McLovin

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Zscaler researchers make an interesting point about fake antiviruses, also known as scareware. Despite the fact that they've been around for several years, many security solutions are still incapable of blocking these threats.



Researchers highlight the fact that, overall, scareware has remained the same as it was a few years ago. The names of the bogus applications may have changed, but other than that, they're pretty much the same.

A perfect example is the Windows 7 Anti-Spyware 2011 (click here) piece of scareware which we detailed a few days ago.

The threat is undetected by most security applications, and when it finds itself on a computer, it starts causing serious damage.

It disables the firewall, the legitimate antivirus application, disables all security warnings and it creates registry entries to ensure that it has full control over the infected device.

Furthermore, it wraps any executable run by the user, so when any application is run, the scareware steps into play, alerting the victim about all sorts of Trojans and Worms that can be allegedly cleaned only by registering the bogus antivirus.

While performing our tests, we've managed to remove the scareware in approximately two hours, but for a regular user the task would not be easy.

Source
 
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Deleted member 178

Umbra Corporation's advertisement:

With our newly released product Concept of Layered Config you will get rid of any malwares in a minute, faster and safer than those experts !

"Umbra Corporation, because your system worth it ! "

 
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Plexx

Umbra Corp. said:
Umbra Corporation's advertisement:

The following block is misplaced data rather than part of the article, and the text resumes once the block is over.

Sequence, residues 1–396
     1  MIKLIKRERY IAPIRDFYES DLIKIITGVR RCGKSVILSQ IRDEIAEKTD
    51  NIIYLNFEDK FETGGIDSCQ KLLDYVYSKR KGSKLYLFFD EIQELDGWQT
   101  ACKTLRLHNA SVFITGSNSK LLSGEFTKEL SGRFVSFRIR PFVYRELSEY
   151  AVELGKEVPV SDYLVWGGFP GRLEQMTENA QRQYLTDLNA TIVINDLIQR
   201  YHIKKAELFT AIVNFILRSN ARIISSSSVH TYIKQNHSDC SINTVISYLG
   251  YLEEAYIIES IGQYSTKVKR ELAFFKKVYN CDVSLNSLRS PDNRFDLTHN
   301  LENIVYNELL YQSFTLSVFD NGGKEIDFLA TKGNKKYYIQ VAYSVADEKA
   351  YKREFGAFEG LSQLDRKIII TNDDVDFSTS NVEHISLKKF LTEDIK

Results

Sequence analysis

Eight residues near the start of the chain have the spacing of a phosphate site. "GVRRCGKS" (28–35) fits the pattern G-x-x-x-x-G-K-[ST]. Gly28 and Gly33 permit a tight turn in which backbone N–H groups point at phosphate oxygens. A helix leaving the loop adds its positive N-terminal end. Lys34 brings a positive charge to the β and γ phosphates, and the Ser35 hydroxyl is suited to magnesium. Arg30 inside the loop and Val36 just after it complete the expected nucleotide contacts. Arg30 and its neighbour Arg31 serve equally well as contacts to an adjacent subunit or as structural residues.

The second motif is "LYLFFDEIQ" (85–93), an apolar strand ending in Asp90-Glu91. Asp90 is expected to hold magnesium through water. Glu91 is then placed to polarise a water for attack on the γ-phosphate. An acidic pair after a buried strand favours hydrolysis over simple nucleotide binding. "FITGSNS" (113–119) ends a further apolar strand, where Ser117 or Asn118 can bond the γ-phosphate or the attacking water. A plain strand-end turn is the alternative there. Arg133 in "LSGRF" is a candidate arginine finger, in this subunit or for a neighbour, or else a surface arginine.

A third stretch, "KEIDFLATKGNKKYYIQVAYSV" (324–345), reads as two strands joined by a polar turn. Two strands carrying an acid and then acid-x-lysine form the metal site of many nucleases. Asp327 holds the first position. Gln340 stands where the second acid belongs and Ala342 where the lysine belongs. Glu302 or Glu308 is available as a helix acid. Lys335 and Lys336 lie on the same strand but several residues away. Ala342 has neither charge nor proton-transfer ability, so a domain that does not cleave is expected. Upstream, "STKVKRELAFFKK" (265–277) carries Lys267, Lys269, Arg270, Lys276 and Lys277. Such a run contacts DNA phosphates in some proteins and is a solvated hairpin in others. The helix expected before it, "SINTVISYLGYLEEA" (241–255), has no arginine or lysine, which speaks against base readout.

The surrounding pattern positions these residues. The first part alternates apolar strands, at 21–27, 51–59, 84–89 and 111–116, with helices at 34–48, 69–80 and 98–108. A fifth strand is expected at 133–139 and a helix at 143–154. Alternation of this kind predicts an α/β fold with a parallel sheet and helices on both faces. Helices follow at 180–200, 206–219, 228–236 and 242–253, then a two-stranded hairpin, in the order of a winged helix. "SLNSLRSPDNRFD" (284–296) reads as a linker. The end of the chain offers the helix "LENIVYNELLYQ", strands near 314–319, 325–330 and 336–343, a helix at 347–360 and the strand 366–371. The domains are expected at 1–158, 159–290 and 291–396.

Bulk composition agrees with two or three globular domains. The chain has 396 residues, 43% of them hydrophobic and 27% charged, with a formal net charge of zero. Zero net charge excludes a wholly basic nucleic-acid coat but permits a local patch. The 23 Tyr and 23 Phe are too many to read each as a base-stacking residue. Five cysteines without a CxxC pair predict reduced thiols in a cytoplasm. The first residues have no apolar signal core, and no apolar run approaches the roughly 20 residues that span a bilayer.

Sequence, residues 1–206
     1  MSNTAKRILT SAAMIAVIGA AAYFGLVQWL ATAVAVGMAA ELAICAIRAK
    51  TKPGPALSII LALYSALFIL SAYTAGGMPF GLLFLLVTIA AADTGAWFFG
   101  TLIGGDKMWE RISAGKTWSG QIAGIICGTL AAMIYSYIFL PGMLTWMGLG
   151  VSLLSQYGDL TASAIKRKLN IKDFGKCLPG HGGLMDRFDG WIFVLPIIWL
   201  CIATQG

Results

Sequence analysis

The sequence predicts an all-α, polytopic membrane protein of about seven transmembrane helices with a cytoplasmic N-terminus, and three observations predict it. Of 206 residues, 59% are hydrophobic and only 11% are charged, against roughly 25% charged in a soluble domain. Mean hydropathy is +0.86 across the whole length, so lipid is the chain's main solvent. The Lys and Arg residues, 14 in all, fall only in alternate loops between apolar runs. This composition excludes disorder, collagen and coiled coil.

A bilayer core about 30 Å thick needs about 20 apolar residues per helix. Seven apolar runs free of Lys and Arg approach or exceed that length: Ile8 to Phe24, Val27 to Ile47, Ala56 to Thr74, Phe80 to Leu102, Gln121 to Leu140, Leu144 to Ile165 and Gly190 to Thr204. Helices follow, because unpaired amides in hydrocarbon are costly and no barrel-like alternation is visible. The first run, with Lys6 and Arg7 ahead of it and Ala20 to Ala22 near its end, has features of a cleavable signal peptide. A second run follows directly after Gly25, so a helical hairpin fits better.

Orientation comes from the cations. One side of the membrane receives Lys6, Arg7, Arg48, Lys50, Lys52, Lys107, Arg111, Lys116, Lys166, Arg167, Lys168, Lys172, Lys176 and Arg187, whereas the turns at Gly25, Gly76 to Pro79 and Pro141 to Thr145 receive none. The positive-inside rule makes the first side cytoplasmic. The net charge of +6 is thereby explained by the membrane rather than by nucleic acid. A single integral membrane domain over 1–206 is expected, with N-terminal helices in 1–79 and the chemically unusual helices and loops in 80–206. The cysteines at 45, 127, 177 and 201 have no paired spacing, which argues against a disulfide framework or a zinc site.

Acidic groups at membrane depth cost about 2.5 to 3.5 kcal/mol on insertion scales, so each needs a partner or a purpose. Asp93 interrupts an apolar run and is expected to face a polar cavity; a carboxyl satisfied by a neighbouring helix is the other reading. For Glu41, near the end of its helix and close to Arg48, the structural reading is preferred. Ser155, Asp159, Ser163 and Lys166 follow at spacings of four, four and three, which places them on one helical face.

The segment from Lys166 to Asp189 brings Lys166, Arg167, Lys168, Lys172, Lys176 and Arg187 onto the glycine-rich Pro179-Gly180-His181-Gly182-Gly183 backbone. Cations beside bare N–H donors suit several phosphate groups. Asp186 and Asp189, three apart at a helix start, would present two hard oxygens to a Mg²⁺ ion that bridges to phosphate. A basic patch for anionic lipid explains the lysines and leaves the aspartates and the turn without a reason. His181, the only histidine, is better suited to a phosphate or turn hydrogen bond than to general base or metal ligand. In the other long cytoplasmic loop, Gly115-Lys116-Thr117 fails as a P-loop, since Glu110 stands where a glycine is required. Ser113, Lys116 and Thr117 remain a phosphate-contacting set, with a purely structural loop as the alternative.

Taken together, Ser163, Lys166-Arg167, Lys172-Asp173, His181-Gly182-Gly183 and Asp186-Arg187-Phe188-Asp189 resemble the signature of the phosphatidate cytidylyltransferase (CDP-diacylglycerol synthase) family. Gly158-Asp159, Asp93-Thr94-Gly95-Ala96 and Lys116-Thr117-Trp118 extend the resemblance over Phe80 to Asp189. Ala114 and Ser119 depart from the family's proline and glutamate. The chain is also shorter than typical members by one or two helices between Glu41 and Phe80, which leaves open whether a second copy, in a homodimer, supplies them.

With our newly released product Concept of Layered Config you will get rid of any malwares in a minute, faster and safer than those experts !

"Umbra Corporation, because your system worth it ! "
You mean within steps 2 to 4 (one of them would sort it out).

Did you guys now started producing droids? I sense a change on logos/avatars :p


Now on topic: Despite many variation sof the same style/type of Fake AV, vendors do work hard to have the signatures available for detection. The main problem still is the removal. That is where Specific tools shine (MBAM/HMP etc)
 
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Deleted member 178

Biozfear said:
You mean within steps 2 to 4 (one of them would sort it out).
exactly !

Did you guys now started producing droids? I sense a change on logos/avatars :p
the logo will remain ^^

Now on topic: Despite many variations of the same style/type of Fake AV, vendors do work hard to have the signatures available for detection. The main problem still is the removal. That is where Specific tools shine (MBAM/HMP etc)
i agree, there is so much variations that just an AV based on detection is useless now, users needs proactive features.
 
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Plexx

Umbra Corp. said:
i agree, there is so much variations that just an AV based on detection is useless now, users needs proactive features.
CIS/Kaspersky/EAM for example did prevent most of the different samples when I tested before (even if they didn't have the signatures to remove).

ESET would achieve good results but required Policy Based mode. Running on Interactive, the normal user would 90% of the time allow it.

avast! on certain samples did attempt to clean and well, cleaned half of it only, whilst the prevention was not up to par.

AVG IDP Module didnt always fire up, causing some infections to go through.

Please bear in mind that the above results were from a few months back. Things might have changed...
 

McLovin

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Biozfear said:
Now on topic: Despite many variation sof the same style/type of Fake AV, vendors do work hard to have the signatures available for detection. The main problem still is the removal. That is where Specific tools shine (MBAM/HMP etc)
That's the biggest problem I've found when it comes to AV's is their removal. Their detection is really good but their removal rate is no the best, mind you last time I did a test AVG was not that bad at it.
 
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